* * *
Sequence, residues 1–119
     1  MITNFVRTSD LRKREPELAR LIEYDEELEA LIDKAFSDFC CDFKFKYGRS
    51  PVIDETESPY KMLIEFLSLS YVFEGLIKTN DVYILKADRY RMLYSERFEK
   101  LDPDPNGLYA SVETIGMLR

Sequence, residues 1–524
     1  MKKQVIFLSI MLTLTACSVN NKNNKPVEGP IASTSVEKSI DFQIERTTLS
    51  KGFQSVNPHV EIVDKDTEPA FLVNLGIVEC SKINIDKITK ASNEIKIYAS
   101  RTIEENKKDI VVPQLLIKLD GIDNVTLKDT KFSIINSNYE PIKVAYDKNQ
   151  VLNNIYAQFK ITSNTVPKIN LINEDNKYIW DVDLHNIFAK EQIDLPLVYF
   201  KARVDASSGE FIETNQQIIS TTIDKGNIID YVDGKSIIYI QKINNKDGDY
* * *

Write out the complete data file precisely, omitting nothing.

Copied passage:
Sequence, residues 1–119
     1  MITNFVRTSD LRKREPELAR LIEYDEELEA LIDKAFSDFC CDFKFKYGRS
    51  PVIDETESPY KMLIEFLSLS YVFEGLIKTN DVYILKADRY RMLYSERFEK
   101  LDPDPNGLYA SVETIGMLR

Sequence, residues 1–524
     1  MKKQVIFLSI MLTLTACSVN NKNNKPVEGP IASTSVEKSI DFQIERTTLS
    51  KGFQSVNPHV EIVDKDTEPA FLVNLGIVEC SKINIDKITK ASNEIKIYAS
   101  RTIEENKKDI VVPQLLIKLD GIDNVTLKDT KFSIINSNYE PIKVAYDKNQ
   151  VLNNIYAQFK ITSNTVPKIN LINEDNKYIW DVDLHNIFAK EQIDLPLVYF
   201  KARVDASSGE FIETNQQIIS TTIDKGNIID YVDGKSIIYI QKINNKDGDY